Green norms: most Indian thermal plants non-compliant, says CSE

Our Bureau New Delhi | Updated on January 24, 2018

The much-maligned thermal power generation industry continues to be dogged by environmental issues.

According to a study conducted by the Centre for Science and Environment (CSE) under the Green Rating Project (GRP), not only are Indian power plants some of the most inefficient ones, but also one of the most polluting ones.

The project analysed 47 thermal plants across 16 States and found that the sector, on the whole, was “one of the most non-compliant industrial sectors in the country.”

It added that according to a report published by the Central Pollution Control Board, officially 27 per cent of the plants in the sector were not complying with the regulations.

CSE’s own analysis, however, pegs the number at over 40 per cent. Of the 47 plants for which data were studied by CSE, 20 received scores below 20 per cent (to as low as 6 per cent) implying “regular non-compliance, poor performance and management practices”.

Improper fly ash disposal, storage and use, high air pollution, water pollution, and wasteful use of water were the most worrisome issues facing the sector.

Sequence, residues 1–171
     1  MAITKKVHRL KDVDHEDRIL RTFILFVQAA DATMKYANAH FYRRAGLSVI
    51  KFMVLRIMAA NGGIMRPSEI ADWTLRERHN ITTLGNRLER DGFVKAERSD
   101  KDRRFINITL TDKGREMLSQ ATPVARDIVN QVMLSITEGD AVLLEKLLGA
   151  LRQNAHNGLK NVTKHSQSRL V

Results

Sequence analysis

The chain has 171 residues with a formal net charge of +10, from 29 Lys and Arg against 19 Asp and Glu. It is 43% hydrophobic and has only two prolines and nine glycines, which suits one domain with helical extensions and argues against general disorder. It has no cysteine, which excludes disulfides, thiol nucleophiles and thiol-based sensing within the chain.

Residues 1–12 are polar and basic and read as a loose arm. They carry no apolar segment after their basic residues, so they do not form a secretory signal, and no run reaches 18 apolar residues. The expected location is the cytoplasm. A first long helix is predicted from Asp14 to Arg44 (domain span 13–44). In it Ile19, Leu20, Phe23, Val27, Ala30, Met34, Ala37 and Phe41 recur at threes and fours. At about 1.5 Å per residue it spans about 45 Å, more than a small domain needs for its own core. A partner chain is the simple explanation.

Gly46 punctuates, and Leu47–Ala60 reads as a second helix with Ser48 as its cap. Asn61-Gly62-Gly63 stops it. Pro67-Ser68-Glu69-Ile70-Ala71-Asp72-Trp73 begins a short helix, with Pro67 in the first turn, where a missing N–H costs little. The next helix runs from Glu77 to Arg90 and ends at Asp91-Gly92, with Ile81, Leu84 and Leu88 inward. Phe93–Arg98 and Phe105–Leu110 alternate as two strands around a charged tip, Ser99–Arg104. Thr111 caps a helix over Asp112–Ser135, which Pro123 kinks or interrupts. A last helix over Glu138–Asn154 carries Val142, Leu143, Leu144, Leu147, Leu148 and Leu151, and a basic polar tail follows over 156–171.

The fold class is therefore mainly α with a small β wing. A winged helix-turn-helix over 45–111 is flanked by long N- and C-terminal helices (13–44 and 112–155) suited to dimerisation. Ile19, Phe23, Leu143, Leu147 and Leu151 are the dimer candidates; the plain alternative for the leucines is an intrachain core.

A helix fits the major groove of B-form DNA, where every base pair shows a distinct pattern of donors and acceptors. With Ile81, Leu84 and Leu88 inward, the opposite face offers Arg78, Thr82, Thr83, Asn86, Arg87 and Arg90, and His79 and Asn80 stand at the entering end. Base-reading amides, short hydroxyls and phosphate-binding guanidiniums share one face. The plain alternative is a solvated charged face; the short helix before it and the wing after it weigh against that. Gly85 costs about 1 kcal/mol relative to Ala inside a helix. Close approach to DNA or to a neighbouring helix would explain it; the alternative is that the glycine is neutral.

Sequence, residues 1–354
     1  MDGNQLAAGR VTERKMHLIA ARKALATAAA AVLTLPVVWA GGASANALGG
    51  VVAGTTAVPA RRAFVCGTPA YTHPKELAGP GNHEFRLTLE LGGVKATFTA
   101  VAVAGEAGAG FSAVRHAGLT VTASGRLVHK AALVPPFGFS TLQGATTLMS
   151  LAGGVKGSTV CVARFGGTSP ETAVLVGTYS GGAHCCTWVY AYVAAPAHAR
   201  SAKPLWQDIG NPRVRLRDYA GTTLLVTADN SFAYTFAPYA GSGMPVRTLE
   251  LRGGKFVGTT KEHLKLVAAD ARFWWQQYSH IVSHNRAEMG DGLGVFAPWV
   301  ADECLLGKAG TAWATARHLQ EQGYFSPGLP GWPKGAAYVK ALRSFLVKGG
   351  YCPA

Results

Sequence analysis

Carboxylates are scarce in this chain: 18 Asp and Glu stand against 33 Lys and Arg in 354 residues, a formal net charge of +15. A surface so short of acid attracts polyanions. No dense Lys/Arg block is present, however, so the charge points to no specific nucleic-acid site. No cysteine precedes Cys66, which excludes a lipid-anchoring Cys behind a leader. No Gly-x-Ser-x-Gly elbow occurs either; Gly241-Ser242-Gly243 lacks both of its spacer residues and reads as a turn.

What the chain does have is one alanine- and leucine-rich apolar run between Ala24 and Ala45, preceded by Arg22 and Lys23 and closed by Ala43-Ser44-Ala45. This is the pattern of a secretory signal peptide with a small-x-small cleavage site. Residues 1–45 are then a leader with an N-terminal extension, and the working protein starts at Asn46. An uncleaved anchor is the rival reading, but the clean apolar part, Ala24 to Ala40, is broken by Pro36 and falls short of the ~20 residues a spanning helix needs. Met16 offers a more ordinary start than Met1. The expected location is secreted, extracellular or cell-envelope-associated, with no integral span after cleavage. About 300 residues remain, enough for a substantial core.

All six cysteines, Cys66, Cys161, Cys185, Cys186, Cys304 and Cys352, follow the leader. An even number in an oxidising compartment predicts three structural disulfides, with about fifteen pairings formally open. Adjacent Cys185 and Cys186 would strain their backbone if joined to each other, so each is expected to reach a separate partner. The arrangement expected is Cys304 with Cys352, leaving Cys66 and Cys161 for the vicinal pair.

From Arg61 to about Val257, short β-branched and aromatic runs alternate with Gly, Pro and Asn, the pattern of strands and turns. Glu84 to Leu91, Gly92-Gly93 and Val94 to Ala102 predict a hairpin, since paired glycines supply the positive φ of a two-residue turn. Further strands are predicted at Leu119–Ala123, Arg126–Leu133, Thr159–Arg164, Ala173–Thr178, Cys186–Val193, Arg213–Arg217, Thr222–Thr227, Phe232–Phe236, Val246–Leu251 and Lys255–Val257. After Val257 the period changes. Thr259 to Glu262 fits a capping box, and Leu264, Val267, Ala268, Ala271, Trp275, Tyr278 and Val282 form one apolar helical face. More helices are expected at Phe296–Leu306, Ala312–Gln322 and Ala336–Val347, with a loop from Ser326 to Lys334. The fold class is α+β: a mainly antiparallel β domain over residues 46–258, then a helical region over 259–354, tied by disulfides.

The GRP, which gives five leaves as award for performance exceeding requirements, four for good compliance, three for average, two for below average and one for poor performance, could not award a single leaf to these 20 plants.

Yet, even the best thermal plant in the country in terms of environmental compliance and performance – CESC-Budge Budge in West Bengal – received a score of just 52 per cent, or an average rating of three leaves. To put this in perspective, Chandra Bhushan, Deputy Director-General of CSE, said that a plant that was following all the best practices would receive a score of 80 per cent.

Incidentally, the country’s largest coal-power producer – NTPC – was found to be below par, with all six of the NTPC plants analysed getting just one or no leaves at all.

NTPC’s Badarpur plant in Delhi was the worst of the lot.

The problem of poor compliance in the sector is compounded by the power deficit in India, which “gives the industry enormous amount of leverage” the study notes.

Several plants, against which show-cause notices have been issued and are recognised as serious defaulters are still not shut down.

Published on February 22, 2015

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